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ON AIR - a journalist from Kazakhstan

Peter van Dyk | 17:57 UK time, Monday, 25 September 2006

As Ros wrote earlier, today we're talking about a new movie about - sort of - Kazakhstan, the rise of the Islamic Courts Union in Somalia, and asking if television shows are chasing too much danger.

You can read emails and text messages here, and of course post your own comments as well.

Sam Toy is a staff writer for Empire Magazine - he says the people who should be embarassed by the movie are the Americans, as that is really what the movie is making fun of.

Roman Vassilenko is a spokesperson for the Kazakh embassy in Washington. He says his government doe shave a sense of humour. He agrees with Sam Toy but says that Borat comes from an invented country that should be called Borat-istan, which is nothing like Kazakhstan.

Tamara in Kazakhstan said she is not offended but she enjoys wathcing it- it's outrageous, hilarious and not true. Marzhan said she thought Borat was bad until she saw it and found him funny, but her friends are offended and told her to go on the BBC and tell everyone they were insulted by the show.

She says her friends are concerned that when they go abroad they will be seen as countrymen of Borat, who doesn't wash.

Tamara said one of her friends hadn't seen Borat and was offended, so she showed him the programme and he was converted.

She told her government to not make a big deal about Borat because the reaction would be worse for Kazakhstan. Marzhan said the government is damned if they do and damned if they don't. The government hsouldn't react but people should, and the mass media should.

Mr Vassilenko said he had lots of emails from people offering support. He added that the reaction of the government was not so big - there had been no lawsuits for example - but they had taken out ads to promote Kazakhstan while the president was in the United States.

Robert said the Kazakh government had got it wrong - they should run their adverts to go with the film and use it to their advantage.

The Kazakhs are forgetting that Borat is a satirical character. Tamara agreed that he was making fun of people's ignorance about Kazakhstan. Marzhan worried that people didn't know the character was fictional and that was the problem.

Mark is married to a Kazakh woman and he said Sacha Baron Cohen should have created an imaginary country - people would understand. He thinks it's unfortunate that people interested in investing in Kazakhstan or going there might be put off.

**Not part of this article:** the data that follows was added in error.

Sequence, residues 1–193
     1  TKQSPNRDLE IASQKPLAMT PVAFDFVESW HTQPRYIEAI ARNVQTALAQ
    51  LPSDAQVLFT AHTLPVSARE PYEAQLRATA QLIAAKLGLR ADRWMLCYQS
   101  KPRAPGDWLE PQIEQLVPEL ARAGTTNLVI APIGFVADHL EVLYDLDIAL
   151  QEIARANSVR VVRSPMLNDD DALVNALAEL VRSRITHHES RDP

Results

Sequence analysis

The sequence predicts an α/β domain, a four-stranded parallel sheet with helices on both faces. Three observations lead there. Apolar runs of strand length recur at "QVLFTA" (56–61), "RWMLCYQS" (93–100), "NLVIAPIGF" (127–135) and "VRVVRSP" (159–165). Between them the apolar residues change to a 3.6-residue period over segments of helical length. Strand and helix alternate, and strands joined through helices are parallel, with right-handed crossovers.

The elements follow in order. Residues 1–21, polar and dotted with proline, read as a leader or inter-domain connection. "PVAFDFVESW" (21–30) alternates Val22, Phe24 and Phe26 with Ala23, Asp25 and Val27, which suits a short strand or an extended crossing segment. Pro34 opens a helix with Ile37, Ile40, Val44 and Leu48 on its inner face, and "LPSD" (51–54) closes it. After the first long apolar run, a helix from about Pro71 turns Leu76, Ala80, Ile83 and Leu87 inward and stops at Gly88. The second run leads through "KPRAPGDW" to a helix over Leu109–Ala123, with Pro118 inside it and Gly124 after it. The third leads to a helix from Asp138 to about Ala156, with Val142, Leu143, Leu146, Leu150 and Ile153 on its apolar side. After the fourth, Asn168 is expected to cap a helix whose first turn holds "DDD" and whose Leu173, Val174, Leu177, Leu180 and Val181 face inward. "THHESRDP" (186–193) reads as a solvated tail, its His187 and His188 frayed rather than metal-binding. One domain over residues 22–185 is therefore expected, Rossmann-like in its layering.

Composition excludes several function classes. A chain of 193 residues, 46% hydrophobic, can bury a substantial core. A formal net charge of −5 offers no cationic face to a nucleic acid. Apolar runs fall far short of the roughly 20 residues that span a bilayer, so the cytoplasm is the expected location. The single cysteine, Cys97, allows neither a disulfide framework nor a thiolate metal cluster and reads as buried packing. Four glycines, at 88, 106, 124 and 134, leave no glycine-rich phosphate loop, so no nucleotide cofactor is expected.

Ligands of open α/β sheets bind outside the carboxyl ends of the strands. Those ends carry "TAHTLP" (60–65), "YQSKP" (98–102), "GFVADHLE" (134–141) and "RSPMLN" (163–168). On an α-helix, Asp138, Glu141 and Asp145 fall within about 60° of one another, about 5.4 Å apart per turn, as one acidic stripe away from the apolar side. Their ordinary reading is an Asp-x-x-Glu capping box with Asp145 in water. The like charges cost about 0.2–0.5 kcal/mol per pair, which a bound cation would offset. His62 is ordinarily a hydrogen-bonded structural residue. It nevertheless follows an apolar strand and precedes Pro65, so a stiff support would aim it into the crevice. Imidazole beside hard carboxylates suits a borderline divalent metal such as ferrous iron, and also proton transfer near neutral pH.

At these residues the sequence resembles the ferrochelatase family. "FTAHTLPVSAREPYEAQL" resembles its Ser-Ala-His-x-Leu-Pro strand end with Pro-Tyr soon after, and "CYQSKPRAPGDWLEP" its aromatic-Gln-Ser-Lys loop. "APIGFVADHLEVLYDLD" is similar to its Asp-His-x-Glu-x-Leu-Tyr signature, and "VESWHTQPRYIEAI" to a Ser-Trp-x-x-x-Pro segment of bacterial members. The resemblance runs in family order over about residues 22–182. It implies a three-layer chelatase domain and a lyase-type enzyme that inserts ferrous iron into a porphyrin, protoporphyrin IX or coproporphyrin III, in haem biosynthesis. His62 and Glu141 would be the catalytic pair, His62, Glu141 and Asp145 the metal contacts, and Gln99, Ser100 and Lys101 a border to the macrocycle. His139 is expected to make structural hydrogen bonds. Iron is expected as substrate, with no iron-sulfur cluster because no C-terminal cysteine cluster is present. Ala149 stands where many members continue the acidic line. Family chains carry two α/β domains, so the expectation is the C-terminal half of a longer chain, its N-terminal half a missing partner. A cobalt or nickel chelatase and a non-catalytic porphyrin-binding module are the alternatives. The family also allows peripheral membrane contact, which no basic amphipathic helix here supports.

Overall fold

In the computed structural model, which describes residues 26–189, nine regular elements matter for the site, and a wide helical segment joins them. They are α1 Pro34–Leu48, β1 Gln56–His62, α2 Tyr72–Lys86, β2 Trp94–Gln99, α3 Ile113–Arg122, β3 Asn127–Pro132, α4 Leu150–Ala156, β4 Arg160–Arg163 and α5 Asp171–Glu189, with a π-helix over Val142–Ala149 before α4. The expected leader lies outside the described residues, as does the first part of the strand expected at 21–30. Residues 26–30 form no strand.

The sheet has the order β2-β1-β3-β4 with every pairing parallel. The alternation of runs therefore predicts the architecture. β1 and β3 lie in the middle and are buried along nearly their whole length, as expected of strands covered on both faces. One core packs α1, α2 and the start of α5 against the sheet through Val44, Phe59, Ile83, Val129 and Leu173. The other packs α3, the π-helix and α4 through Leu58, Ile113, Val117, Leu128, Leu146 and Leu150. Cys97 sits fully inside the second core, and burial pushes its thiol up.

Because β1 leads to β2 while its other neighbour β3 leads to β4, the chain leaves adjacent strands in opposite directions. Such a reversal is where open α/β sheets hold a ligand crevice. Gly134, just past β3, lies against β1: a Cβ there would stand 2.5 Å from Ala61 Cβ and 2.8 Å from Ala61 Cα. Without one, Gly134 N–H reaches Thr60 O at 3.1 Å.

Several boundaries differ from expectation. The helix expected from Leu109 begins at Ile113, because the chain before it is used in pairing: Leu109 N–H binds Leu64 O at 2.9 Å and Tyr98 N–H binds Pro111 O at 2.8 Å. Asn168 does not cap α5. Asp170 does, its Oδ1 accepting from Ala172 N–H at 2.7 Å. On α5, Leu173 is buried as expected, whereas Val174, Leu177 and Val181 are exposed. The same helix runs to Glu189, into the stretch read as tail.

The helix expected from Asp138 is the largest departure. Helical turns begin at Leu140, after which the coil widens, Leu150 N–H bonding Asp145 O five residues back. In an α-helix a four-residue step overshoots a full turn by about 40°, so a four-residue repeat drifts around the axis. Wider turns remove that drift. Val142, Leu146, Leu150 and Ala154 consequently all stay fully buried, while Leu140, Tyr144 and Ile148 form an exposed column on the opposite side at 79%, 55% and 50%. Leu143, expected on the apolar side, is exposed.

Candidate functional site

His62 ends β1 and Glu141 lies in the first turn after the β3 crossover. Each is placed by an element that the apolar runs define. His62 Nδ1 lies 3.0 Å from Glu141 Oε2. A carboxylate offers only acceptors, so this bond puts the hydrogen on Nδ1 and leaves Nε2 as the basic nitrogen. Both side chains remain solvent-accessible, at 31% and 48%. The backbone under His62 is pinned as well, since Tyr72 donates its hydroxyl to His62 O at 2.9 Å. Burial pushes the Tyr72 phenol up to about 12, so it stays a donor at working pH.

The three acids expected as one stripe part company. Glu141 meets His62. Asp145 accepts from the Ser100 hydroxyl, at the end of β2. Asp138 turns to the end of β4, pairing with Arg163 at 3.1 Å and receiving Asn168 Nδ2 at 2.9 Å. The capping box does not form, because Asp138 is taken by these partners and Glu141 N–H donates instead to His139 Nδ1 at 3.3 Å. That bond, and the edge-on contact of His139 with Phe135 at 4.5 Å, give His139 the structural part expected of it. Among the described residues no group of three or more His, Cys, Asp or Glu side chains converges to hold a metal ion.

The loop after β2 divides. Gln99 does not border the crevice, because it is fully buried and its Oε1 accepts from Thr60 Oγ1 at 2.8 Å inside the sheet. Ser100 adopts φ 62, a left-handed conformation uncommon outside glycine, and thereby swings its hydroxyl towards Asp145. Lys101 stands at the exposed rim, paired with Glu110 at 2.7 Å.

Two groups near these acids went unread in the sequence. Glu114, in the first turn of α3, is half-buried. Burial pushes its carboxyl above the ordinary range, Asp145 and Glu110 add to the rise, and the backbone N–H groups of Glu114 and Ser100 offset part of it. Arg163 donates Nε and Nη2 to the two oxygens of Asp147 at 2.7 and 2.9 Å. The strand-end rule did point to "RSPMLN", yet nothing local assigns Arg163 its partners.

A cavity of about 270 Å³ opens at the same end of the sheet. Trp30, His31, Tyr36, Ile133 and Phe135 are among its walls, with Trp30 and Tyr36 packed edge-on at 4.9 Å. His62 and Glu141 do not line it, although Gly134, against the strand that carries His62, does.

Mr Vassilenko took on Robert's suggestion about an ad campaign off the back of the film when it is released in November.

Robert then asked him about the president's daughter supporting Borat. mr Vassilenko said that was exactly the government's line.

Tamara hoped it would be possible to see the movie. Marzhan also hoped to be able see it, as people needed to understand what the world thought of them.

Asked if Kazakhstan is a confident country, Mr Vassilenko said it was.

Talgat painted a picture of a booming Kazakhstan - Ros asked why they would take offence then. Valeria was concerned that people wouldn't get the joke.

Andrew emailed:

99.9% of Americans don't know who Borat is, where Kazakstan is, nor do they care. Americans are used to taking shots, they won;t be embarrassed. You have to remeber that the vast majority of the American public would sooner see "Saw III". Borat's movie will probably show in small independent theatres in the US, if at all.

Allan, Detroit, MIchigan

I can understand how people in K-stan would be offended by Borat. However, humor is a complex thing, and what "Borat" is really making fun of is ignorance of the world, in particular, the worignorance of the world that is so common amongst us Americans. This ignorance comes at tremendous price; one has to look no further than the Iraq war fiasco to see this.

Jane, who says she's from the capital of "West Virginia", Akron, Ohio - "and that is supposed to be an insult to us, too."

Oh, for crying out loud. Every people has a group they accuse of being backward. And eventually each group of people is the butt of the others' jokes. No one thinks that Borat is "telling the truth." Everyone who is bent about it needs to lighten up and get a life!

Justin in Arizona:

No government, not even the U.S. Government, likes to be made fun of. Particularly when the issues raised show the need for change. The Kazakhstan government needs to recognize the right of freedom of speech and embrace the responsibilities that go along with it. One of which is paying attention to the issues raised in descent.